Taste of Malaysia: Penang

George Town, Butterworth, Kampung Sungai Ara

A traveler’s pet peeve of mine is going to a foreign country and immediately seeking for the nearest McDonald’s for a meal. I personally can’t find the logic for seeking adventure in a new country, experience their rich culture, only to ignore their native dishes and bite into something you could easily eat back home. Tasting the local food is part of the tour. It’s another way of getting to know their culture and history. Traveling to an overseas country is incomplete without tasting some of their best dishes. Now, I don’t think I’ll be travelling to Penang, Malaysia any time soon. But I think it would be good to come prepared with a list of places we should try for food. Speaking from experience, it’s better to have a guide or a plan instead of wandering around different restaurants, unsure if what we taste is the most authentic a dish can get. The state of Penang has been regarded as the food capital of Malaysia. Every authentic national dish you seek in the country, you will definitely find here. George Town alone, Penang’s capital city, has some of the best restaurants in the country, and is the best place to seek street food. I noted these places based on the delicacies each place is best known for, and which one gives the best authentic taste.

  • Gastronomy
  • Dine
  • Cafes & Restaurants
  • Budget
  • Solo Trip
  • Solo Travel
  • Recommended - Good Food
  • Value for Money

Updated 8 months ago

Toh Soon Cafe

1 save

George Town, Malaysia • Wishlist • 

Toh Soon Café maybe stuffed away in an alley but it’s definitely hard to miss with the long queue and the large crowd. Truthfully, the service is slow and messy. You’ll have a hard time grabbing the attention of the servers, you’re lucky if you get your order in less than 50 minutes (some people have waited for 2 hours), especially if you were served everything that you ordered. But despite the trying service and long wait, Toh Soon Café is considered a landmark, a long running favorite in Penang, and never fails to have a crowd. Why? Apparently, it’s all sincerely worth it. Six breads at a time are manually toasted in a small charcoal stove, each of which taking 10 minutes. A man squats by it and painstakingly toasts them to perfection. So much “perfection” that the toast when served with Malaysia’s signature fragrant Kaya spread, or soft boiled egg, is almost comforting. Even tourists will attest how heavenly a bite into their toast is. Match it along with their freshly brewed coffee that’s said to be irresistible, smooth, fragrant, and almost nostalgic. Luckily, if you’re not one for small spaces with big crowds, Toh Soon Café has opened another branch that’s said to have a better running operation. But this original staple is a real experience. There’s a reason why this kopitiam has stood the test of time and earned its reputation.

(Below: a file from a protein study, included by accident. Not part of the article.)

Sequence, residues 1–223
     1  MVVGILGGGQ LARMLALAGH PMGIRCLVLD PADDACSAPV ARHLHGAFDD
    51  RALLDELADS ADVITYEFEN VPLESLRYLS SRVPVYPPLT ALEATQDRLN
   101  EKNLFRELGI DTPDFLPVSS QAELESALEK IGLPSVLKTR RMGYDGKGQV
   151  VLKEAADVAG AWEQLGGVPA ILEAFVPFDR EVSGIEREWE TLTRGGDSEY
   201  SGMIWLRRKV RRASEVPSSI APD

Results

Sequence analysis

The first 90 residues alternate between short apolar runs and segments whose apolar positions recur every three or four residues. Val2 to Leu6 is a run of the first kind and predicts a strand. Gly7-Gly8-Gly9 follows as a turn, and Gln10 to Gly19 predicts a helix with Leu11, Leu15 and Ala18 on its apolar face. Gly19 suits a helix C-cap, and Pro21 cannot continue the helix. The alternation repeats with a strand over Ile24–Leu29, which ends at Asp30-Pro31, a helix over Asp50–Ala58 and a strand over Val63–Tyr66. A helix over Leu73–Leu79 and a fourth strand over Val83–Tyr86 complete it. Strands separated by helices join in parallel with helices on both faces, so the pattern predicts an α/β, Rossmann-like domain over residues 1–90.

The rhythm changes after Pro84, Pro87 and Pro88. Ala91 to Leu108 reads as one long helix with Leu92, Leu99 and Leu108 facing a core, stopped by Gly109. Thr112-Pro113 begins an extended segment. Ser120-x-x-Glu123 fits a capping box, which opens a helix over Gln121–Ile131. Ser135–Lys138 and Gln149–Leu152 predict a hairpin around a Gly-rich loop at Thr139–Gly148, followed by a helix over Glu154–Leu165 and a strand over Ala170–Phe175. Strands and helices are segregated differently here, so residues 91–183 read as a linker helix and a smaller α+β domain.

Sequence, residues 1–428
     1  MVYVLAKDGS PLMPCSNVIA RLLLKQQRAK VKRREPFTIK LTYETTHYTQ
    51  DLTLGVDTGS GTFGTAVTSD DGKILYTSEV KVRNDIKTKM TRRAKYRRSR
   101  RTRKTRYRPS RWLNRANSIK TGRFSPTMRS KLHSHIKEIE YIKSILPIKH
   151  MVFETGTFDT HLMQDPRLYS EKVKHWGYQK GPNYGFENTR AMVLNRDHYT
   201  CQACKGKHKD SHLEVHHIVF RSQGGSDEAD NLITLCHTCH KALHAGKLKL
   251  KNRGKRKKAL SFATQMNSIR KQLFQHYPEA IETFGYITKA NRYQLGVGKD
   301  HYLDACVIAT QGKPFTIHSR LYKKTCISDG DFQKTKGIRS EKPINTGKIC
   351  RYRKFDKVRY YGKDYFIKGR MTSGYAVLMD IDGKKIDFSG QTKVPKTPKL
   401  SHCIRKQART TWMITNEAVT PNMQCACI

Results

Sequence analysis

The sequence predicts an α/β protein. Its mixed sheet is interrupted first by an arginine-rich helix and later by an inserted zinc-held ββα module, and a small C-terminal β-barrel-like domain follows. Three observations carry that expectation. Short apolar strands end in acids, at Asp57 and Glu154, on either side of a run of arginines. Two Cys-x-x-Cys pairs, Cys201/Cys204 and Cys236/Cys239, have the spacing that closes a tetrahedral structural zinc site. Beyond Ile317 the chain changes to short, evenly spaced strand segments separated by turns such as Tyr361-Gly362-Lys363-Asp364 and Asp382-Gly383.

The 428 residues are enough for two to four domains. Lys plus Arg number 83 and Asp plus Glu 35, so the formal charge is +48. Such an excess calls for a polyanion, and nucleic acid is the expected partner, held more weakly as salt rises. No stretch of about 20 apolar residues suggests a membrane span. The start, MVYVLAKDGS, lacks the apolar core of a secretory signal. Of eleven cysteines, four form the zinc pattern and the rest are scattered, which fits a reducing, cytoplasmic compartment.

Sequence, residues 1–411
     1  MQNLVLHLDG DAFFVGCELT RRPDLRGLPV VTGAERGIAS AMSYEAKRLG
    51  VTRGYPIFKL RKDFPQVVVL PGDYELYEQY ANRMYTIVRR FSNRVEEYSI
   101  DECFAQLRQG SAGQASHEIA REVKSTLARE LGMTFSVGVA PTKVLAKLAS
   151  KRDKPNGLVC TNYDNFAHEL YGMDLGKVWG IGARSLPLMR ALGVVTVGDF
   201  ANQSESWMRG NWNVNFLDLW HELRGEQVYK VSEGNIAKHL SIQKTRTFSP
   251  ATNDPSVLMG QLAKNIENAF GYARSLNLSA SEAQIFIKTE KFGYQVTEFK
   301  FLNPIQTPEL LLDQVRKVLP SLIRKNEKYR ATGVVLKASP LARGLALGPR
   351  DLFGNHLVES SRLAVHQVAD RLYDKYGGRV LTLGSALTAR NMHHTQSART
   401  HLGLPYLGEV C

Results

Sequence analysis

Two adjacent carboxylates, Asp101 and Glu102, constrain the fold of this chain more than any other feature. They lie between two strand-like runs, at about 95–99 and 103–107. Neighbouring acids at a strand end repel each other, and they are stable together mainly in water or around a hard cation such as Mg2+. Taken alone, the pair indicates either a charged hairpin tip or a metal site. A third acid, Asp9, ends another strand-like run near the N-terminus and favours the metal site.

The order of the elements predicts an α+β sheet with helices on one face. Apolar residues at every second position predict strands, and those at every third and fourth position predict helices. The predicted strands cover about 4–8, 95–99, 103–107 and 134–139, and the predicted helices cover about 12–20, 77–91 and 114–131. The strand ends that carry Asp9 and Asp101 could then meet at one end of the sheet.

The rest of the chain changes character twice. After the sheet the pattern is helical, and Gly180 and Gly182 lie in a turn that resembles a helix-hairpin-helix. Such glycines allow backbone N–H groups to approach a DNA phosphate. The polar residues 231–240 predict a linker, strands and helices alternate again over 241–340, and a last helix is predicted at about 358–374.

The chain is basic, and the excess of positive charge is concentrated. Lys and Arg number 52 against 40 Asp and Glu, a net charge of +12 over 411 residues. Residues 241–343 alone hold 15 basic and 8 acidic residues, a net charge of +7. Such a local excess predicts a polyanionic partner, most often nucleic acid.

• +60 4 261 3754
  • Lebuh Campbell, George Town, 10450 George Town Pulau Pinang, Malaysia